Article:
Once you have the necessary tools, schedule a maintenance check at some time during the week. Before starting any kind of repair, make sure you have a good grasp on the frame's general health. Screw the following tiny screws into the frame until they are snug:
The frame's hinge is located at the temple. Spread out a microfiber towel on a tabletop or other hard surface to act as a soft landing spot for your glasses. Because of this, you'll be able to apply force to the frame while twisting the optometric screwdriver.
The wire that holds the lens in place in the eyepiece's frame. Typically, you'll find this screw on the top, inside part of your frame. You should tighten the screw head by inverting the spectacles, with the frame braced on the same hard surface (with Microfiber cloth) as previously. If you want to avoid damaging the frame or stripping or breaking the screw, remember not to over-tighten or push too hard on the screw head.
An eyeglass repair kit is only suitable for minor fixes, despite the name. Don't attempt to repair your glasses on your own if you bend the frames or shatter the lenses. If you need help or repairs, you can always go to seekoptics.com and talk to the professionals there.
Similar to how breaking in a new pair of shoes might reveal painful pressure spots, the same is true for eyewear frames. When shopping for new eyewear, it's important to take into account each individual's facial shape, nose bridge, eye distance, and other factors. These elements may usually be adapted to fit within the existing framework.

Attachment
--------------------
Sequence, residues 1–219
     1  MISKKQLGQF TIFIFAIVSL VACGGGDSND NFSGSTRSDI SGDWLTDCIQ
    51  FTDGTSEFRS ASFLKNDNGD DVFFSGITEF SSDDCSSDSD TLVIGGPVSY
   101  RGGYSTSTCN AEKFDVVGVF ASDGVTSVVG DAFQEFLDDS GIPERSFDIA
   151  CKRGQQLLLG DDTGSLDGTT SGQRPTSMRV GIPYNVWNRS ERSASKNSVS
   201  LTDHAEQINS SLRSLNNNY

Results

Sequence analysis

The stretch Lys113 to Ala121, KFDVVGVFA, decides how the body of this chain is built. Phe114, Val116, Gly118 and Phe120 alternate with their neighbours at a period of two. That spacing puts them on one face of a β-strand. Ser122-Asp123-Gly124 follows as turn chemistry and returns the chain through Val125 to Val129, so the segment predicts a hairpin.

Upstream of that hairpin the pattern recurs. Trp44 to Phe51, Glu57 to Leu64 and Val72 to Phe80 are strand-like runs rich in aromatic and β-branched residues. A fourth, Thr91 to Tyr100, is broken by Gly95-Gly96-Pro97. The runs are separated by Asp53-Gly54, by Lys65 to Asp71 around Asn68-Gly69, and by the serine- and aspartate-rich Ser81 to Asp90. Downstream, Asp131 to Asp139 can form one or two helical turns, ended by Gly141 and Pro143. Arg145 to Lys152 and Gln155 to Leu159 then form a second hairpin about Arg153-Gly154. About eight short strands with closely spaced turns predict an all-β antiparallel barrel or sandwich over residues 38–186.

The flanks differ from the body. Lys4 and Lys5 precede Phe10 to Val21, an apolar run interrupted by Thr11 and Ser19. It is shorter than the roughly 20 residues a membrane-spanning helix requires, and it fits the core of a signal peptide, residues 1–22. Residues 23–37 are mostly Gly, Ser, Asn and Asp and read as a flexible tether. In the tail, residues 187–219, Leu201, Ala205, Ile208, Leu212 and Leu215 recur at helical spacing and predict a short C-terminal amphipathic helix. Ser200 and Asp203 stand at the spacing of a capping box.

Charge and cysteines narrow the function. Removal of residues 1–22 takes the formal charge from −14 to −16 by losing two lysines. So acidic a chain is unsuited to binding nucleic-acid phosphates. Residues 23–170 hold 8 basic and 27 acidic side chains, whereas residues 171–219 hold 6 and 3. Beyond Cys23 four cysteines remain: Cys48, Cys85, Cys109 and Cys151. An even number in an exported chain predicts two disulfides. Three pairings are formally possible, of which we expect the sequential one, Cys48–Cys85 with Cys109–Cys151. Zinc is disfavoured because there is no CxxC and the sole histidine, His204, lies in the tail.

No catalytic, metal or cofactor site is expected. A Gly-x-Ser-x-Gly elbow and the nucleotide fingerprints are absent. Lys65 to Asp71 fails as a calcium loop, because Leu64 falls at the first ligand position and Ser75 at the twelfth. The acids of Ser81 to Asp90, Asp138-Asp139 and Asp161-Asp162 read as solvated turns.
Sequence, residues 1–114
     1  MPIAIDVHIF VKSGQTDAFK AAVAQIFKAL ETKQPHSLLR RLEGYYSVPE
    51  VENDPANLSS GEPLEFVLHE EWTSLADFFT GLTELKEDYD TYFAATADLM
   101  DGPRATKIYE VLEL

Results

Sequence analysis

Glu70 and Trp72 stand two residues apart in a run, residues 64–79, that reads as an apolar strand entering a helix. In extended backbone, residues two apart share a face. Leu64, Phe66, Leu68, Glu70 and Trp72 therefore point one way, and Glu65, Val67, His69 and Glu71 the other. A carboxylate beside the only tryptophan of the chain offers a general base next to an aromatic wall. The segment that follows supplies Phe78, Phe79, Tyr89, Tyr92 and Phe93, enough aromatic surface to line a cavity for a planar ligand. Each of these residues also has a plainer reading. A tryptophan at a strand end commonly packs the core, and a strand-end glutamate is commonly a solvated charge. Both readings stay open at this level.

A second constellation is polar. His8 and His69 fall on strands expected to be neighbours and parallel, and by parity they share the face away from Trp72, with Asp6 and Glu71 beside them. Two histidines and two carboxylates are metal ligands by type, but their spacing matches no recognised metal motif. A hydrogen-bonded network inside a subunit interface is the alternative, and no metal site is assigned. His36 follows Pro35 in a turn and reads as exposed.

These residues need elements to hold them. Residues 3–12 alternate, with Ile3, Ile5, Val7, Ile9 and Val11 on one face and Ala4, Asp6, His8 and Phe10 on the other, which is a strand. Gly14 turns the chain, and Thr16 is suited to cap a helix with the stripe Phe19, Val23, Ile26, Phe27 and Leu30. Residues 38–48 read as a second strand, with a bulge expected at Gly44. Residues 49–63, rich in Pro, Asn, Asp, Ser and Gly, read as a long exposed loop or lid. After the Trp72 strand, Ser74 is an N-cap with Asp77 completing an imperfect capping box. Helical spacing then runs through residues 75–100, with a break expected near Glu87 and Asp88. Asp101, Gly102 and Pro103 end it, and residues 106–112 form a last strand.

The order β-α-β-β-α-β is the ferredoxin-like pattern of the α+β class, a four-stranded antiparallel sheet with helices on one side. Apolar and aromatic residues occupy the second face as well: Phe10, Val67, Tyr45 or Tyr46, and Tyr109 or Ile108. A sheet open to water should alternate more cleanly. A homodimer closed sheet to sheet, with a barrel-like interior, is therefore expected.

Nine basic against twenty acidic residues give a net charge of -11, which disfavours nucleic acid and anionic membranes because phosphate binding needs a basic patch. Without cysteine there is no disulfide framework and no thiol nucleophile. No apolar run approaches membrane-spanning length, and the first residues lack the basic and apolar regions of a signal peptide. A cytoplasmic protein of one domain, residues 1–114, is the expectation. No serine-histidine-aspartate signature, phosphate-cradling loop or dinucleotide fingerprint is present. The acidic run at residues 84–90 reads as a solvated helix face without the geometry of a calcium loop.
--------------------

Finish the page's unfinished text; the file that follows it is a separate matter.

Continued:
Adjustable Focus Lenses:
Adjusting your bifocals, trifocals, progressives, occupational, or computer lenses correctly is essential for clear vision. If you're having trouble seeing clearly while wearing glasses, make sure they're adjusted properly.
Simply put, your eyesight is impaired, thus you need glasses. However, your eyesight will be compromised if your glasses don't rest comfortably on your face. In order for your prescription glasses to provide you with the clear, crisp vision they were designed to provide you, it is imperative that you get your frame adjusted properly.
The temples of your eyeglasses shouldn't be too broad or too tight on your head. Don't worry; your eye doctor can make the necessary adjustments to the glasses. The glasses are not correctly adjusted if they press against the side of your skull. They must not make contact with the skin in any way. Both the earlobes and the temples are good places to apply pressure.
Our ears, for example, are seldom symmetrical. The optician will modify your frames to correct the imbalance.
Indentions made by your spectacles on your nose indicate that the nose pads are not set up correctly. Another possible cause is having nasal pads that are too tiny. The size of the nose pad should match the dimensions of the lenses and the frame to provide a comfortable fit and equal distribution of weight over the nose bridge.
Lenses: The kind of lens you have fitted will determine how your lenses should be adjusted (Single vision or multifocal lens). Based on the size of the patient's face, the strength of their prescription, and how much of a range they're comfortable with, a custom focus point is calculated.
Helpful Advice from the Experts
You should always keep a spare pair of glasses on hand in case your current pair breaks. Get your damaged pair repaired at www.seekoptics.com while you wear your spare set of glasses.